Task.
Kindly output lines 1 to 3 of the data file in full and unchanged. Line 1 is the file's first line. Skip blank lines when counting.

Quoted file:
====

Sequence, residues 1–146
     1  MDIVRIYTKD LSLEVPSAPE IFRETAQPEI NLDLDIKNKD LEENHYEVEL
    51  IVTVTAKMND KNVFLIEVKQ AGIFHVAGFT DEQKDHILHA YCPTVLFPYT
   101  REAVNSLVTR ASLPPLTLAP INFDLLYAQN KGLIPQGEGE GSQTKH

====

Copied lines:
Sequence, residues 1–146
     1  MDIVRIYTKD LSLEVPSAPE IFRETAQPEI NLDLDIKNKD LEENHYEVEL
    51  IVTVTAKMND KNVFLIEVKQ AGIFHVAGFT DEQKDHILHA YCPTVLFPYT